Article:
Crazy for Archaeology
Coordination in Girona: Antoni Rojas Rabaneda
This course is designed for upper secondary school students, and organized by the Catalan Institute of Classical Archeology (ICAC), the Catalan Institute of Human Paleoecology and Social Evolution (IPHES) and the Catalan Institute for Cultural Heritage Research (ICPRC).
The ICPRC has participated in the course “Bojos per l’Arqueologia” (Crazy for Archeology).Part of the course was taught in Girona, where the ICRPC (a CERCA centre attached to the University of Girona) held a total of six sessions. During the sessions, the actions that need to be carried out after the excavation of an archeological site were presented and communicated to the students. The course was initially held in Tarragonaat the Catalan Institute of Classical Archeology (ICAC)and the Catalan Institute of Human Paleoecology and Social Evolution (IPHES).
The sessions in Girona started in the heart of the Barri Vellneighbourhood, where Joaquim Nadal i Farreras, who is the ICRPC’sdirector and a professor at the University of Girona,welcomed students and presented the work carried out by the Institute, with a particular focus on the importance of heritagization and the uses of heritage. From the steps of the Cathedral of Girona as a starting point, the group visited the Monastery of Sant Pere de Galligants, which houses the Archaeology Museum of Catalonia-Girona (MAC). Then, in the magnificent Pia Almoina building, Antoni Rojas, an archeologist and head of the Studies and Analysis Unitat the ICRPC,gave a session on the “museumization” of archeological sites.
The students visited the Iberian settlement of Sant Sebastià de la Guarda for a session on archeological heritage activities. In another session, Antoni Rojas described the various roles of technology in the world of archeology, as well as the actions that should be carried out oncethe excavation of a site has been completed.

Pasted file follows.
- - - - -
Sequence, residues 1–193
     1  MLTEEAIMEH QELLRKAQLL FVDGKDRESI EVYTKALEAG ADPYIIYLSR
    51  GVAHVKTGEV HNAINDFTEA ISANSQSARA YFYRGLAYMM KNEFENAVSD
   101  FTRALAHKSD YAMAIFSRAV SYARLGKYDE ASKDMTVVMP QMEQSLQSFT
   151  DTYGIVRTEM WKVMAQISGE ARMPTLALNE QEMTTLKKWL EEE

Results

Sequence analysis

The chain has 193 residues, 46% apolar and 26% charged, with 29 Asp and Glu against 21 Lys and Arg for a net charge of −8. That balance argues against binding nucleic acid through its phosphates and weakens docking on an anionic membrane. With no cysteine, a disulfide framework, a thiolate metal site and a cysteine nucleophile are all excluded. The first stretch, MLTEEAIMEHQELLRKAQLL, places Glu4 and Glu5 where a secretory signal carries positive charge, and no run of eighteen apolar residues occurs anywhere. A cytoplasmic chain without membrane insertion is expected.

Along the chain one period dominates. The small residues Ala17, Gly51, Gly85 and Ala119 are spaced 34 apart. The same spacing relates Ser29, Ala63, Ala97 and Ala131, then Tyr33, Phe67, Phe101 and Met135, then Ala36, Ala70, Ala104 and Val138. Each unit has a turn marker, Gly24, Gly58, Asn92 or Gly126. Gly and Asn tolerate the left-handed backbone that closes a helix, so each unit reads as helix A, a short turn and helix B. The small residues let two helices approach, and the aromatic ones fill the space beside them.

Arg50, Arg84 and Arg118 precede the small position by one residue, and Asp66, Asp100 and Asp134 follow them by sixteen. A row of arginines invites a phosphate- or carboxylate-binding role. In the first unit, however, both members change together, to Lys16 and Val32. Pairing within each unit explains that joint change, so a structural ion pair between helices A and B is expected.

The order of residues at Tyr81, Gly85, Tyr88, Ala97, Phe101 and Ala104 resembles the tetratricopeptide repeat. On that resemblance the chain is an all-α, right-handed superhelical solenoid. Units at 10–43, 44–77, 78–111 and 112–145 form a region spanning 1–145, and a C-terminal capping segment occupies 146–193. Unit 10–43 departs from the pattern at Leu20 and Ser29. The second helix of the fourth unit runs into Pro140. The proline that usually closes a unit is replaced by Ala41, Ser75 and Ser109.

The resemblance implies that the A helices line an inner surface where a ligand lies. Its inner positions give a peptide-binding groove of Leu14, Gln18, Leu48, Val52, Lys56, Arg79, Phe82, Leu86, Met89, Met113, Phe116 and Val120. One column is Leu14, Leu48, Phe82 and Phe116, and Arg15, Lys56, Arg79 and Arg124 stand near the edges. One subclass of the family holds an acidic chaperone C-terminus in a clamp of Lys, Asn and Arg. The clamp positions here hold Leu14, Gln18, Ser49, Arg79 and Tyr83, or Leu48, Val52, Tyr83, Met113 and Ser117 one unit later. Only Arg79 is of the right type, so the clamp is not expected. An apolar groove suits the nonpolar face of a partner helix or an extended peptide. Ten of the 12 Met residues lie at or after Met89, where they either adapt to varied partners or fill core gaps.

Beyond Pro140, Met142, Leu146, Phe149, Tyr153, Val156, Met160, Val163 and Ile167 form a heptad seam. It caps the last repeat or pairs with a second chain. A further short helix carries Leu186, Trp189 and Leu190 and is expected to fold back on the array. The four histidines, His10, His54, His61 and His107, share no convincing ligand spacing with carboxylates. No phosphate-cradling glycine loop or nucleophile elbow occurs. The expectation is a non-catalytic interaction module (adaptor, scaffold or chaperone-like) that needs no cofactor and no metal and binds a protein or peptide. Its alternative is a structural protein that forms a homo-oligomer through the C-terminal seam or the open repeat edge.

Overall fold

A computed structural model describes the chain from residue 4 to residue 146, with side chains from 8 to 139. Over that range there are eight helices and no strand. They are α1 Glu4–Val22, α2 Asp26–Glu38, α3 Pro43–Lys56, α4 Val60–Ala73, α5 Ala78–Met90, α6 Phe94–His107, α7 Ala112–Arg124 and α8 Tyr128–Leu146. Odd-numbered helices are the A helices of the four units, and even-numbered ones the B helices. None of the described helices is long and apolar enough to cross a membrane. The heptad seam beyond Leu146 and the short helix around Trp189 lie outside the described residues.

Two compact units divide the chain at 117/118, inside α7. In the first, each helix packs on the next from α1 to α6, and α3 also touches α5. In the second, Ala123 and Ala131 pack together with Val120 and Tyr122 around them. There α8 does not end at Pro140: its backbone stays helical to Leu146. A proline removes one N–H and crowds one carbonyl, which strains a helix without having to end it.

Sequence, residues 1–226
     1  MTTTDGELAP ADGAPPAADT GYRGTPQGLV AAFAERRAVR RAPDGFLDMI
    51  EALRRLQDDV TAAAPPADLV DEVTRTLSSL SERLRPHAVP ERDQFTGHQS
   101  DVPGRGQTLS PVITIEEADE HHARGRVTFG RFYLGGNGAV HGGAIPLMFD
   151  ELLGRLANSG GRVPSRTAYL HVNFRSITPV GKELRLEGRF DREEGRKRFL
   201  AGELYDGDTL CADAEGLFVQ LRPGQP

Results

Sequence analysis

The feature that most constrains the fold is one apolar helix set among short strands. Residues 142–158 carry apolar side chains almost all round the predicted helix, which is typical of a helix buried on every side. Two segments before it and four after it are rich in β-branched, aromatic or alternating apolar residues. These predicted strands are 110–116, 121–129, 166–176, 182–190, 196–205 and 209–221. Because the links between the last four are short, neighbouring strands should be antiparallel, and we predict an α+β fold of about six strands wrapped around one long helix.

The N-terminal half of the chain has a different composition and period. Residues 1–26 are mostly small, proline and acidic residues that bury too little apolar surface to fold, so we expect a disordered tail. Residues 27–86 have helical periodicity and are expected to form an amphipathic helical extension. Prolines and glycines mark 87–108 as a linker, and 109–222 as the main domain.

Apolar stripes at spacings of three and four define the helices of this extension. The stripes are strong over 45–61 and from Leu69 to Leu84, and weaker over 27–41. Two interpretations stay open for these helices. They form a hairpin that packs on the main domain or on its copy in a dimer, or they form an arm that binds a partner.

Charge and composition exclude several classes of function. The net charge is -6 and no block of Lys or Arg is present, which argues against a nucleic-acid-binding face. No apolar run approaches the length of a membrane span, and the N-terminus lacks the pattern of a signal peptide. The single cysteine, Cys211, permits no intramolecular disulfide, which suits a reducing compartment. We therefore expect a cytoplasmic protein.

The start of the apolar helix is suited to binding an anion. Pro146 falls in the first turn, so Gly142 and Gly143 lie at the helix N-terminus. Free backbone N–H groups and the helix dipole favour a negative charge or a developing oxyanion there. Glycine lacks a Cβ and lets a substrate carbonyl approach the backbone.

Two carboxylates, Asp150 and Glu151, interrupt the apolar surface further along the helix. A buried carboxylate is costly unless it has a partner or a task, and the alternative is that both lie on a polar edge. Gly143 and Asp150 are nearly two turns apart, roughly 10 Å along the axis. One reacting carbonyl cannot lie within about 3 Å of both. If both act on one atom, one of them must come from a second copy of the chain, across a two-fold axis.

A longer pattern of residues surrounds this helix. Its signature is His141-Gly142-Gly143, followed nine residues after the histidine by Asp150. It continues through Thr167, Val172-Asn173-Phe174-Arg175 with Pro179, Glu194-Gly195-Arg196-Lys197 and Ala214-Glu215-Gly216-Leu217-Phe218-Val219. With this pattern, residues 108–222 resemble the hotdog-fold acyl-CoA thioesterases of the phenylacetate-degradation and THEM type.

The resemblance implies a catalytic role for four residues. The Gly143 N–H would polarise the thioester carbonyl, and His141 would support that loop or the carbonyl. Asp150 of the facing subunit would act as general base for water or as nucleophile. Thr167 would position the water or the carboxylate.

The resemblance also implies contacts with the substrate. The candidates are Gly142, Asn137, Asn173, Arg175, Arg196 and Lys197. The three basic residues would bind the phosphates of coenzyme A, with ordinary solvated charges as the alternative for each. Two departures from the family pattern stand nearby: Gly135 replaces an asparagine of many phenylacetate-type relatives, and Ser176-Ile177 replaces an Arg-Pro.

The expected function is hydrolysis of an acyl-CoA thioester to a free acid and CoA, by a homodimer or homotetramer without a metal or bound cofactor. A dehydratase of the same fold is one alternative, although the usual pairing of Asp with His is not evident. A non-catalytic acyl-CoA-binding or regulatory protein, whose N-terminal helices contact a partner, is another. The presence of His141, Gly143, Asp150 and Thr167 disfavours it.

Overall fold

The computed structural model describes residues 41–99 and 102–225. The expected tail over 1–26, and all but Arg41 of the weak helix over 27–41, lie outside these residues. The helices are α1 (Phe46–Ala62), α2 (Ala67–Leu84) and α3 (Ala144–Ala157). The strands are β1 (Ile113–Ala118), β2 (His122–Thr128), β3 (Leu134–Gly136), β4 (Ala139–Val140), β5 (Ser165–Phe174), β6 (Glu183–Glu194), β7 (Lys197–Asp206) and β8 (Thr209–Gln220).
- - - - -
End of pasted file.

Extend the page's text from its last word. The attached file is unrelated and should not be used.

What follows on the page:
The next session was led by Gustau Vivar, the Director of the Underwater Archeology Centre of Catalonia (CASC), who introduced students to the passionate world of underwater archeology research. Students visited the centre and found out about heritage that has ended up under the sea.
Another activity was carried out at the Greco-Roman site of Emporion (L’Escala, Alt Empordà). Joaquim Tremoleda, archeologist and curator of the Archaeology Museum of Catalonia-Empúries (MAC), demonstrated aspects of the use of the imageof archeology in different contexts.
With a specific focus on tourism, Sílvia Aulet, lecturer at the University of Girona, presented a study undertaken by the Multidisciplinary Laboratory of Research in Tourism (LMRT) on the behaviour of tourists at a cultural destination, and carried out an enjoyable group activity in the streets of Girona.
Archeology as a scientific activity
Archeology is a scientific discipline that is devoted to the study of human societies through the recovery and analysis of the cultural material that they generated. Various multidisciplinary processes are involved inthis field, including research, interpretation and dissemination of the knowledge that is gained. Thecourse enabled students to come into contact with experienced archeologists, who showed them their daily work and shared their knowledge about the passionate world of archeology.
The “Crazy for Archeology” activity was focused on strengthening students’ knowledge of prehistory, classical archeology and cultural heritage, in accordance with the latest research on the discipline. The course gave upper secondary school students an idea of the world of university research in our immediate environment, and contributed to encouraging careers in science, in the broadest sense. The search for a career and academic excellence were one of the main objectives of the project.
The course brought students into contact with science in an educational way, in order to promote better social recognition of the discipline and encourage scientific careers. Therefore, thecourse boosted science and humanities careers in the first stages of higher education, and contributed to the knowledge society, as it could lead to thecomprehensive training of future research and humanities staff. It was part of the 2013 call Bojos per la Ciència(Crazy for Science), which was sponsored by the Fundació Catalunya La Pedrera.
The full programme can be consulted at http://bojosperlarqueologia.icac.cat/